Dispelling nutrition myths, ranting, and occasionally, raving

Is milk out?


I’ve been hearing a number of complaints and concerns about the new Food Guide. The one I’ve been hearing the most is that “dairy is out”. I’d like to dispel that. No, dairy is not “out”. Yes, the “milk and alternatives” food group is gone; as is “meat and alternatives” but milk and dairy products still fit within the protein group in the new guide.

The Food Guide now recommends a proportion-based approach to eating, rather than a more prescriptive portion-based approach. Rather than telling you how many servings of each food group to have every day, and how big a serving is, the new guide simply advises you make half your plate vegetables (and fruit), one quarter protein foods, and the other quarter whole grains. It promotes consuming plant-based protein foods “more often”. This is pretty subjective and should – in theory – make it a lot easier for people to adopt. For some people this may mean consuming plant-based protein foods in larger amounts than animal-based proteins. For others, this may mean consuming plant-based sources of protein more often than they usually do. In a country that’s extremely meat-centric this could mean something as simple as adding more beans to a chili and cutting back on the meat slightly.

I’d also like to point out that given that a quarter of your plate should be devoted to protein foods you can easily mix and match to your heart’s content. This might mean that you have lentils and salmon (like I did last night), cheese and bean casserole, tofu and chicken, etc. It might mean that at one meal your protein comes from milk or meat but that at another it comes from legumes or nuts. Snacks can (and generally should) also include a source of protein. If you eat three meals and two snacks a day this means that there are ample opportunities for you to consume protein from a variety of foods, including milk products if you desire.

Personally, I think that having a food group specifically for milk (and alternatives) was unwarranted and I’m glad to see it go. There are many people who can’t consume milk products (due to lactose intolerance or an allergy) as well as those who choose not to and it is entirely possible to consume a nutritious diet without the inclusion of milk. For those who are concerned about where people will get their vitamin D and calcium from without milk products there are other food sources of these nutrients.

Vitamin D is pretty near impossible to consume enough of through food sources alone anyway, at least during the winter months in Canada and Health Canada recommends all adults over the age of 50 take a supplement of 400 IU/d. I’d also like to point out that milk is fortified with vitamin D as are most plant-based milk alternatives (always check the label to be sure). Other food sources of vitamin D include: egg yolks, salmon and other fatty fish, some meats, and other fortified foods which may include things such as orange juice and cereal.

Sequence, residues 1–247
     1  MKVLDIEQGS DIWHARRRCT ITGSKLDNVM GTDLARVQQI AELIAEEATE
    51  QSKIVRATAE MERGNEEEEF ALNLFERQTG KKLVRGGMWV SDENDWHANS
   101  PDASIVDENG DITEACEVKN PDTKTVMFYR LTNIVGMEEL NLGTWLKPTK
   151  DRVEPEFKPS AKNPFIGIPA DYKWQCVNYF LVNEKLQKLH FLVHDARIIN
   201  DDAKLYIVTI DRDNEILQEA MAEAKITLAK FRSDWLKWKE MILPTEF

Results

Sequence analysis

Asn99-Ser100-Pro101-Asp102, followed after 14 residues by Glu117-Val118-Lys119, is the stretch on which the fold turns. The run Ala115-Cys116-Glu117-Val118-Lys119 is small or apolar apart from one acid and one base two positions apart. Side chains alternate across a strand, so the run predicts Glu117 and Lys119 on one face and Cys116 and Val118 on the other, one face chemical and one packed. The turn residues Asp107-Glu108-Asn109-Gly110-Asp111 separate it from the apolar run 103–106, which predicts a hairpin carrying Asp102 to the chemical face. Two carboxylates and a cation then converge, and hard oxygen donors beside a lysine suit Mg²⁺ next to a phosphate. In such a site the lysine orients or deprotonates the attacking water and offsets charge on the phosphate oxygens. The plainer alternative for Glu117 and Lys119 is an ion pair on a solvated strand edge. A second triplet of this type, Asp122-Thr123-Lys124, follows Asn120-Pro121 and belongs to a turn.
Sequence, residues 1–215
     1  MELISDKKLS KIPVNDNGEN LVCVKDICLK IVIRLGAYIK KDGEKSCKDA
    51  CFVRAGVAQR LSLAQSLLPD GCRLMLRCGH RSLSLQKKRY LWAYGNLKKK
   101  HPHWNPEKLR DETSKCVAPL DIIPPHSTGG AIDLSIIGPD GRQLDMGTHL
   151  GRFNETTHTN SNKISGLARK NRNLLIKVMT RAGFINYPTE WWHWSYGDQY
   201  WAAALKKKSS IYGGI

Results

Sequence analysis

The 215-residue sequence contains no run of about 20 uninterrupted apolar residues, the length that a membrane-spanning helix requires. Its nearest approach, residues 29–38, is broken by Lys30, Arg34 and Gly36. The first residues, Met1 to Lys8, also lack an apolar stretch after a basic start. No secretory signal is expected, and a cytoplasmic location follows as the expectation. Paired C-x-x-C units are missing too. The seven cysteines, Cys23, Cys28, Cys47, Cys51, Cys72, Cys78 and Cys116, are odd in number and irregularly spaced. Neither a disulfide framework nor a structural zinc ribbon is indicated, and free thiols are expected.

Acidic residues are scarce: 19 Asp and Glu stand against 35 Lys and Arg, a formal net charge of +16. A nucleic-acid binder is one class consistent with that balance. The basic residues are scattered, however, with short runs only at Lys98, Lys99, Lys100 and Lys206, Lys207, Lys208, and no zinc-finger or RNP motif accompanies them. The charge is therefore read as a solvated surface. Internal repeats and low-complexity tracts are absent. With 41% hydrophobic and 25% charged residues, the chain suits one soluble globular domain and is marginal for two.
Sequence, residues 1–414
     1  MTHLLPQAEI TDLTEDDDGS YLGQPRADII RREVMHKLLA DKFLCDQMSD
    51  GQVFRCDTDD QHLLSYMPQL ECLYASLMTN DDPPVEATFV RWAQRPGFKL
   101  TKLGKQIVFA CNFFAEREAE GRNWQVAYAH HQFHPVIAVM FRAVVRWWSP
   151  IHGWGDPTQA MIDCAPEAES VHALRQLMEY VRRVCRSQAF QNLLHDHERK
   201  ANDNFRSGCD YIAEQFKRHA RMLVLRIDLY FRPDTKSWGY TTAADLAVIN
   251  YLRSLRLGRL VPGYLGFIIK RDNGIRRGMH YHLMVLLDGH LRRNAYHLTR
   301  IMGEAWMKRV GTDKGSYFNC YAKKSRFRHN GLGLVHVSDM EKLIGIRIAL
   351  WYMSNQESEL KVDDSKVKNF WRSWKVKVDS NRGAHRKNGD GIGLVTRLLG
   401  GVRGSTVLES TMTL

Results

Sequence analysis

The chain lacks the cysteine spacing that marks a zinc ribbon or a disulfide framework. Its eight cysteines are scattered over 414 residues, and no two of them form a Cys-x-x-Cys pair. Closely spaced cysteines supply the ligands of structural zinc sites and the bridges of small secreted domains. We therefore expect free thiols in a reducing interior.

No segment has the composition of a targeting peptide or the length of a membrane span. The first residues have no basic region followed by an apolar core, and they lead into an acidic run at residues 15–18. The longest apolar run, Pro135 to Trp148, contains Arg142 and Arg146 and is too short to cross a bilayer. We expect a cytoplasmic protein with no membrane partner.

Non-dairy food sources of calcium include: dark leafy greens (like spinach, collards, and kale), soy beverage, canned fish (eat those bones!), tofu (if prepared with calcium), beans, nuts, seeds, and even blackstrap molasses.

If you are concerned that you may not be meeting your nutrient needs through your diet I recommend keeping a food journal and making an appointment with a registered dietitian.

Author: Diana

I'm a registered dietitian from Nova Scotia, living and working in Ontario, Canada. My goal is to help people see food and nutrition from a different perspective and understand that nutrition and health are not necessarily a result of personal choice.

13 thoughts on “Is milk out?

  1. Very clearly expressed. You should be one of the dietitians being interviewed re the new Guide!

    Liked by 1 person

  2. You know I love you, but I do not agree about taking away the dairy group. Dairy foods stand out because they are highly absorbable calcium sources, and not so much for their protein content. The calcium in plant foods is not as well absorbed, and people don’t eat enough plant foods anyway, so I wonder how they will get the calcium they need. I understand your point about how difficult is it to get vitamin D from food, and I think everyone who lives north of Washington, DC needs a daily supplement.


    • I suppose only time will tell if calcium deficiency becomes a greater concern.


    • Osteoporosis is more prevalent in countries with higher dairy consumption. Like anything else, all things in moderation and I believe the way foods are presented in the new guide is encouraging more variety. No other animal relies on infant food to maintain its skeleton!

      Liked by 1 person

  3. I agree with you, but waiting could have dire consequences, considering that peak bone mass is formed during the teenage years.


  4. I don’t miss dairy but I’m one of those people who don’t tolerate it well. I’ve always incorporated less than recommended daily serving in the previous guide, and got slack for it. Now I’m looking forward to not have that pressure to eat so much dairy.

    Also – I just read this today about Vitamin D and how supplements aren’t doing what is expected so that might change too : https://www.outsideonline.com/2380751/sunscreen-sun-exposure-skin-cancer-science

    Liked by 1 person

  5. Vitamin D supplements and foods enriched with vitamin D are useful for meeting the recommended dietary intake for vitamin D. The American Academy of Pediatrics recommends 400 IU of vitamin D in the form of drops for breastfed infants starting in the very early days of life to prevent rickets.

    Liked by 1 person

  6. Pingback: Is it possible that chocolate milk actually saved Andrew Scheer’s son’s life? |

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